Frugi & National Trust Collaborate on ‘Busy Beaver Adventures’ Children’s Range
Children are encouraged to enjoy ‘Busy Beaver Adventures’ with a new beaver-inspired sustainable and ethical clothing and accessory range from Frugi x National Trust available from 22 August 2022, it has been announced
Dam-building beavers have been re-introduced by the National Trust at a couple of locations so far, with plans to introduce more widely, to revive lakes and rivers by helping to create new wetland habitats. These busy creatures are the inspiration behind the next Frugi x National Trust children’s clothing and accessory range. This exclusive range will encourage children to become more aware of the riverlands in the charity’s care, including the wildlife that lives there, in particular the beaver.
Like previous Frugi x National Trust collections, the print featured on the clothing and accessories shines a light on an aspect of the UK’s natural world. As Europe’s largest conservation charity, the National Trust looks after many beautiful places we love to enjoy as a family including coastlines, gardens, parklands, and historic houses, ensuring nature, beauty and history can thrive.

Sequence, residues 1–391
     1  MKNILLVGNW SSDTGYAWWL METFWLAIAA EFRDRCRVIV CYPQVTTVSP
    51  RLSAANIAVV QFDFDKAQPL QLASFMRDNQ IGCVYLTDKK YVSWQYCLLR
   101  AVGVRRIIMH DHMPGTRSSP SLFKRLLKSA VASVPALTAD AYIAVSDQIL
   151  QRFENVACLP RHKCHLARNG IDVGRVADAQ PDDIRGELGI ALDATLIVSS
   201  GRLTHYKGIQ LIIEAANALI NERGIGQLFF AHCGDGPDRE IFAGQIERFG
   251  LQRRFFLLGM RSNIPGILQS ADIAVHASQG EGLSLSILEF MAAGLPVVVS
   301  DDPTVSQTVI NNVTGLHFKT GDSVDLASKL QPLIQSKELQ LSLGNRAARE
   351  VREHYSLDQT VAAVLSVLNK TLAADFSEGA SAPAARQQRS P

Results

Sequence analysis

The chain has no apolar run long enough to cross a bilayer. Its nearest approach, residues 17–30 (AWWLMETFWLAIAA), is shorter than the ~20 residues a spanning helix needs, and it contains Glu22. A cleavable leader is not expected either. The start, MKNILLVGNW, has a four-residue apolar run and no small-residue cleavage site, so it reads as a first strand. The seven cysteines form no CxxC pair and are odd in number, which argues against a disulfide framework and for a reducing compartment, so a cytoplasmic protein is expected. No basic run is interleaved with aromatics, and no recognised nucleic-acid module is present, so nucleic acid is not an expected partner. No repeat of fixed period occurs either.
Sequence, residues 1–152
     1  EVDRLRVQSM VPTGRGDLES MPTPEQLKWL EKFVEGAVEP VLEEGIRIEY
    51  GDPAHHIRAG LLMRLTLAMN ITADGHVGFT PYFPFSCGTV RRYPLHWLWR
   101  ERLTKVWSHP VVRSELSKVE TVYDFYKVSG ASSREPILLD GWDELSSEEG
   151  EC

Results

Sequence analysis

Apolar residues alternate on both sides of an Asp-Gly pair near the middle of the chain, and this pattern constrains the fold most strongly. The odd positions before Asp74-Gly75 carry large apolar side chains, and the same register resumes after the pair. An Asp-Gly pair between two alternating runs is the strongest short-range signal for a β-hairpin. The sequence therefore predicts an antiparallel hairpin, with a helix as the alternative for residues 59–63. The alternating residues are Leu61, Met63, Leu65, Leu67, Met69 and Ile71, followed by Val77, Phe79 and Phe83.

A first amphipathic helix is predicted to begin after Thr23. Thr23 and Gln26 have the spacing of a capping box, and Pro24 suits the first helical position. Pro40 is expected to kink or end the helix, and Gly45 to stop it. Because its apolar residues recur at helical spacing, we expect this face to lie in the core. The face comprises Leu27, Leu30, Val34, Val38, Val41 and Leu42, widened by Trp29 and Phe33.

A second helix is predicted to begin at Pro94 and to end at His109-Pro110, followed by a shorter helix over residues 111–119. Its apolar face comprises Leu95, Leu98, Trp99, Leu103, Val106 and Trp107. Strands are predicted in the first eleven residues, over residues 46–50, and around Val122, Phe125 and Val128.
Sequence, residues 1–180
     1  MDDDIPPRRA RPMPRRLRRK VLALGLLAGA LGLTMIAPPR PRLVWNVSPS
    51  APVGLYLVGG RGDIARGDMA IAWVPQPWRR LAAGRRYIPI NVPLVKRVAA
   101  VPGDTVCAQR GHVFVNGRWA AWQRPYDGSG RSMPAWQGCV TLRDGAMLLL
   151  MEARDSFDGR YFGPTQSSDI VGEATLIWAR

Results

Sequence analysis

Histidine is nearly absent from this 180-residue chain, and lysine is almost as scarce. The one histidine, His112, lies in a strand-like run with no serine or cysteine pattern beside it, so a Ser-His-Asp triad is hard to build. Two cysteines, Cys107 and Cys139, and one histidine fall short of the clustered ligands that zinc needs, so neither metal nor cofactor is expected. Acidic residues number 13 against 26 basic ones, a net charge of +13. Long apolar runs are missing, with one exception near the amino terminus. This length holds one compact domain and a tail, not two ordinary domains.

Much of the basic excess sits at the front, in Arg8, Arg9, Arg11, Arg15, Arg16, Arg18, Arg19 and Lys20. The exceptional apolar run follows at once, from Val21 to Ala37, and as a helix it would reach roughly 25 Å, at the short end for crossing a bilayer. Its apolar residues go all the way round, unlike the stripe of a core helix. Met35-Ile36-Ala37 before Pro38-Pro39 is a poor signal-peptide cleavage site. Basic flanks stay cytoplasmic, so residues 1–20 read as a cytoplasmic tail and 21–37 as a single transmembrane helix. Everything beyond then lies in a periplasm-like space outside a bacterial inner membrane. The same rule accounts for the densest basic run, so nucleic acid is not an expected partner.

Home to fish, birds and insects, the source of water for mammals, livestock and the crops we rely on for our food, rivers are an incredible life force. However, they’re in danger, with only 14% of England’s rivers in good health. This means that some of our most important plants, insects, animals and birds are at risk.
To address this, the National Trust is planting trees, introducing beavers and connecting streams to their floodplains as ways to slow flooding. It is also removing invasive species and restoring habitats. The charity is encouraging people to experience the beauty and tranquillity of these landscapes, so that we build a deeper connection and desire to help rivers thrive.
A minimum of £25,000 from sales of the Busy Beaver Adventures collection will be given to the National Trust to support projects such as beaver conservation work at Holnicote Estate in Somerset, specifically for the maintenance and upkeep of their enclosures, including development of a soundwalk within this space, as well as provide workshops to engage local communities with their work.